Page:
On this day 285 years ago, Daniel Boone, the American pioneer, explorer, and politician was born. His frontier exploits made him one of the first folk heroes of the United States. Although he also became a businessman, soldier and politician who represented three different counties in the Virginia General Assembly, Boone is most famous for his exploration and settlement of what is now Kentucky.
Boone blazed the Wilderness Road from North Carolina and Tennessee through the mountains of Cumberland Gap into Kentucky. There, he founded the village of Boonesborough, in Kentucky, one of the first American settlements west of the Appalachians. Before the end of the 18th century, more than 200,000 Americans migrated to Kentucky/Virginia by following the route marked by Boone. (1734)
He was a legend in his own lifetime, especially after accounts of his adventures were published in 1784, framing him as the typical American frontiersman—and, later, inspiring many heroic tall tales and works of fiction.
Despite the theme song of a television show (1964–1970) that described Boone as a “big man” in a “coonskin cap”—the “rippin’est, roarin’est, fightin’est man the frontier ever knew”, the lyrics did not describe the real Boone. He was not a big man and did not wear a coonskin cap.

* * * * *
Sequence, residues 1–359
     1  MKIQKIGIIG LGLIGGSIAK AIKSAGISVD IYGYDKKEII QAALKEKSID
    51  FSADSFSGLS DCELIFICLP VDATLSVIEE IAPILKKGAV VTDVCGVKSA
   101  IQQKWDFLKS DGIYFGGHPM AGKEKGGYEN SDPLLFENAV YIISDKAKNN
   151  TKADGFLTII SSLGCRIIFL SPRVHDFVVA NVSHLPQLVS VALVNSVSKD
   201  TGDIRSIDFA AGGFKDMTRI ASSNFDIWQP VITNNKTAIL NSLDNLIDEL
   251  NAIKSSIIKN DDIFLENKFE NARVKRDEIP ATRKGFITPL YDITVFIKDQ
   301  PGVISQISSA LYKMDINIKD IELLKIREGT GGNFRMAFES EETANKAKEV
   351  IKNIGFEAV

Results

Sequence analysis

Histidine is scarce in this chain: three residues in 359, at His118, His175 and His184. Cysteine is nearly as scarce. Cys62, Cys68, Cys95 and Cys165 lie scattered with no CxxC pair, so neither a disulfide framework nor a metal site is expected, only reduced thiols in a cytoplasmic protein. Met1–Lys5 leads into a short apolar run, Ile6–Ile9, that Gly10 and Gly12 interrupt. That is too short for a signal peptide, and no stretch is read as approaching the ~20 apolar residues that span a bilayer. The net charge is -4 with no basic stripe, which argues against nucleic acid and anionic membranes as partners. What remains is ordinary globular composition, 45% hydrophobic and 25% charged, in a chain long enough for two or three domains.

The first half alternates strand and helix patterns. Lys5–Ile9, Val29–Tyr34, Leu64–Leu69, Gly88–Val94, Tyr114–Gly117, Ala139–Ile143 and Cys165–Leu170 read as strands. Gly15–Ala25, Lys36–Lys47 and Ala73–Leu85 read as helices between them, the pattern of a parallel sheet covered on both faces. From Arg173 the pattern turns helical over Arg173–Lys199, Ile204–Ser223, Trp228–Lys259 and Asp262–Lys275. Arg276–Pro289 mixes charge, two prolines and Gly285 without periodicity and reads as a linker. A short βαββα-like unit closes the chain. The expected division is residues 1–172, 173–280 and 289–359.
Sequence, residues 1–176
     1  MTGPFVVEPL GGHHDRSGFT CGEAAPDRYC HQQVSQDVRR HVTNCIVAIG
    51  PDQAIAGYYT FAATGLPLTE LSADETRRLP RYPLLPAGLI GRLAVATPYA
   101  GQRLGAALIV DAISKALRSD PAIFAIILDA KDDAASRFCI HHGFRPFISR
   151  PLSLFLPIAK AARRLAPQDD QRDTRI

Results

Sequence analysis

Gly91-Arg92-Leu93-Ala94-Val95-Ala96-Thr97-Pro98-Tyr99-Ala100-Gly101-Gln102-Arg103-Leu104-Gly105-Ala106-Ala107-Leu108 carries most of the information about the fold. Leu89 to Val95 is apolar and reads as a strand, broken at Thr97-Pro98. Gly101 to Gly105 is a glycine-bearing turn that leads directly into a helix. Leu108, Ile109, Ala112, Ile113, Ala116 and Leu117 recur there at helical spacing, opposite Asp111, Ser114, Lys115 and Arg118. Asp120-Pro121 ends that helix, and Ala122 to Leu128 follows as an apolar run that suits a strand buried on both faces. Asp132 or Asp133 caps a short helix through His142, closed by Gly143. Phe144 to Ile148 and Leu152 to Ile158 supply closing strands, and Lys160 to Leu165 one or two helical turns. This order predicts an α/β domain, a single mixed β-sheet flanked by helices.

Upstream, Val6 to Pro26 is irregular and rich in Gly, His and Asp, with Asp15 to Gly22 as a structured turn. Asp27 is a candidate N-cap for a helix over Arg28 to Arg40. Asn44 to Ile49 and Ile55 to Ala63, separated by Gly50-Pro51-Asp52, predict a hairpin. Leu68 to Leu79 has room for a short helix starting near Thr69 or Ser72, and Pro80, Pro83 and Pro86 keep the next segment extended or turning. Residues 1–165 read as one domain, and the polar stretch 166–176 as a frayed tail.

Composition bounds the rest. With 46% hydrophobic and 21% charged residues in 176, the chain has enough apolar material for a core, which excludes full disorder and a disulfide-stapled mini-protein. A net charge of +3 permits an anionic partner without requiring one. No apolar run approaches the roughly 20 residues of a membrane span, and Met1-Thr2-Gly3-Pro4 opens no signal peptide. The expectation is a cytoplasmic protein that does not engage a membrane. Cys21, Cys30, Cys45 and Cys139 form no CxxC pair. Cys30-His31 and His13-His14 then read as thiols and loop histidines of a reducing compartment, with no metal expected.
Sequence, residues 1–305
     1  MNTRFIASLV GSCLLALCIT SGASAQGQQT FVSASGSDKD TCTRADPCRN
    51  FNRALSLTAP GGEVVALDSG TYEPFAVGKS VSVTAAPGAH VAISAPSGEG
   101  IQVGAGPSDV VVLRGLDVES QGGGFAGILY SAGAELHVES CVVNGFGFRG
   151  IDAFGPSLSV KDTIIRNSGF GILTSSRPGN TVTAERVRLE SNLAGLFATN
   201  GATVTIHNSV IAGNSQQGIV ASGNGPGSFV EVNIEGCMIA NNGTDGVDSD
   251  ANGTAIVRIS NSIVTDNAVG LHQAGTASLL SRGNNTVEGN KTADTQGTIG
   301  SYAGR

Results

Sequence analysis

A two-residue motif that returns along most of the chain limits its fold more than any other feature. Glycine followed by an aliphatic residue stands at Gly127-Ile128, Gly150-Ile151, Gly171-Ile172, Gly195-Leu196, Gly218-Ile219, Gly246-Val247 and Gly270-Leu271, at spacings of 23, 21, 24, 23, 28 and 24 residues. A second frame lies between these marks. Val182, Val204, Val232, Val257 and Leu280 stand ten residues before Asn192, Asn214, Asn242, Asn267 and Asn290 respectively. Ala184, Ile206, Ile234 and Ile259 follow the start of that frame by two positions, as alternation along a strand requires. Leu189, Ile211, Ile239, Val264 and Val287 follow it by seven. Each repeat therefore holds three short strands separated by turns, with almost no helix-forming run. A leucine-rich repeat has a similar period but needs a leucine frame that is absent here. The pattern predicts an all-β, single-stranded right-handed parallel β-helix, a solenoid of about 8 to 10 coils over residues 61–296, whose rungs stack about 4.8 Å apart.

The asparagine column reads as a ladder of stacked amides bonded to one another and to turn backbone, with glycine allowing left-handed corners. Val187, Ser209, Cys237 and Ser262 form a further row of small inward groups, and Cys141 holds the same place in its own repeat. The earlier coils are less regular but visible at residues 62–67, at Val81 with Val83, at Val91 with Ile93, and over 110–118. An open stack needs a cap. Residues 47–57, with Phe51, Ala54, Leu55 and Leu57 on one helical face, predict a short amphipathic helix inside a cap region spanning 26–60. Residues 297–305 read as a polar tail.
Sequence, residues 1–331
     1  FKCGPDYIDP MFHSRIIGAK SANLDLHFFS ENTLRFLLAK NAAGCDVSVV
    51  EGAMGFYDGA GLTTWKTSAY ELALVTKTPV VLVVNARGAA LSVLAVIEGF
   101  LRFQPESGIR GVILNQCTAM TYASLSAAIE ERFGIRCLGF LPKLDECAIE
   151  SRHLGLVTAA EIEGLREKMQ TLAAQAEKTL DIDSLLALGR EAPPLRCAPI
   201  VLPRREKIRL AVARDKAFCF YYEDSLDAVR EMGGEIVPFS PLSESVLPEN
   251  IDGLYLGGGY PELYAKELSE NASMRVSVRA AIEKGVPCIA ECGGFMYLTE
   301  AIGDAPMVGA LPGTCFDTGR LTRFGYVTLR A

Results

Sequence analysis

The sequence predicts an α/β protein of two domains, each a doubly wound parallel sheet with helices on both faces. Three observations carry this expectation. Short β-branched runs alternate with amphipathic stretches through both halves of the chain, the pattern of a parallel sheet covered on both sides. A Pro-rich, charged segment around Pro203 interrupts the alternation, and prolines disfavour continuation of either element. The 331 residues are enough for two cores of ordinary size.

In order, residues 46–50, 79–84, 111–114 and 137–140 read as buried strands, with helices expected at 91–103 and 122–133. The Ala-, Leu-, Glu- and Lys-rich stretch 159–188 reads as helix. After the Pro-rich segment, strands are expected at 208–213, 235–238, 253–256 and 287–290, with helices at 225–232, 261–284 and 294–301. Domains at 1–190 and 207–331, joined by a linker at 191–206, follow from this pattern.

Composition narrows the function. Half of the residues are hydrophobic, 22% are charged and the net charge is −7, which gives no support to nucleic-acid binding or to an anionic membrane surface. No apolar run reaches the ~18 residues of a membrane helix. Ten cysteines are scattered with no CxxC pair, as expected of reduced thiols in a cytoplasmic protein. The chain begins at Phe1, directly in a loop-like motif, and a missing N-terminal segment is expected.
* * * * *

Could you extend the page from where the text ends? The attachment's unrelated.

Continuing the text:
More Good News on this Date:
- The BBC Television Service was launched by the British Broadcasting Corporation—the world’s first continuous, broadcast-quality TV service (1936)
- The Canadian Broadcasting Corporation, CBC, was established (1936)
- Martin Luther King Day, a national holiday to honor the Civil Rights hero, was signed into U.S. law by President Ronald Reagan (1983)
- Hostage David Jacobsen was freed after 17 months captivity by Islamic Jihad (1986)
- The International Space Station became a home for the first time as an American astronaut and two Russian cosmonauts arrived for a four-month stay–and it has been continuously occupied since then (2000)
And, on this day in 1920, KDKA in Pittsburgh, Pennsylvania started broadcasting as the first commercially licensed radio station in the United States.
After building a transmitter for the company, Westinghouse employee Frank Conrad listened as colleagues broadcast the US presidential election returns from a shack on the roof. It was reportedly heard as far away as Canada. (Republican Warren G. Harding won the election that night, on his 55th birthday.)
And, on this day in 1957, the Levelland UFO Case occurred in Texas, with 15 separate people reporting sightings of blue lights or an oblong craft that would disengage—and, then, reengage—nearby cars.
The stories were taken seriously once the local sheriff saw the object himself. One of the most impressive UFO cases in American history, the Air Force spent seven hours investigating and concluded it was ‘ball lightening’, even though there was no storm in the area at the time, and the phenomenon has no reported ability to stall car batteries. TV Reporter Richard Rey of KDFW-TV produced a 40th anniversary story for which he interviewed the sheriff’s wife and recounted the bizarre tale of what happened that night on the plains of Texas. WATCH it here.